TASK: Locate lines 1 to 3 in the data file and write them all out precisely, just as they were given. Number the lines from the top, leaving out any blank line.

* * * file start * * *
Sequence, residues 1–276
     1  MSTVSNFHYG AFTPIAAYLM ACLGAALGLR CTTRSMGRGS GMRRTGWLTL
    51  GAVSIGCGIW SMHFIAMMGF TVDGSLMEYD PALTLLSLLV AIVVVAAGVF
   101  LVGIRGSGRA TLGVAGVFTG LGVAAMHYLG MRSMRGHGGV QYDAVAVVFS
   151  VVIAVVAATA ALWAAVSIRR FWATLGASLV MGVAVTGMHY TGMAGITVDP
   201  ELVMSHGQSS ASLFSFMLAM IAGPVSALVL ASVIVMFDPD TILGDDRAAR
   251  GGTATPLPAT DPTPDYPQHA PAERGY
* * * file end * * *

Sequence, residues 1–276
     1  MSTVSNFHYG AFTPIAAYLM ACLGAALGLR CTTRSMGRGS GMRRTGWLTL
    51  GAVSIGCGIW SMHFIAMMGF TVDGSLMEYD PALTLLSLLV AIVVVAAGVF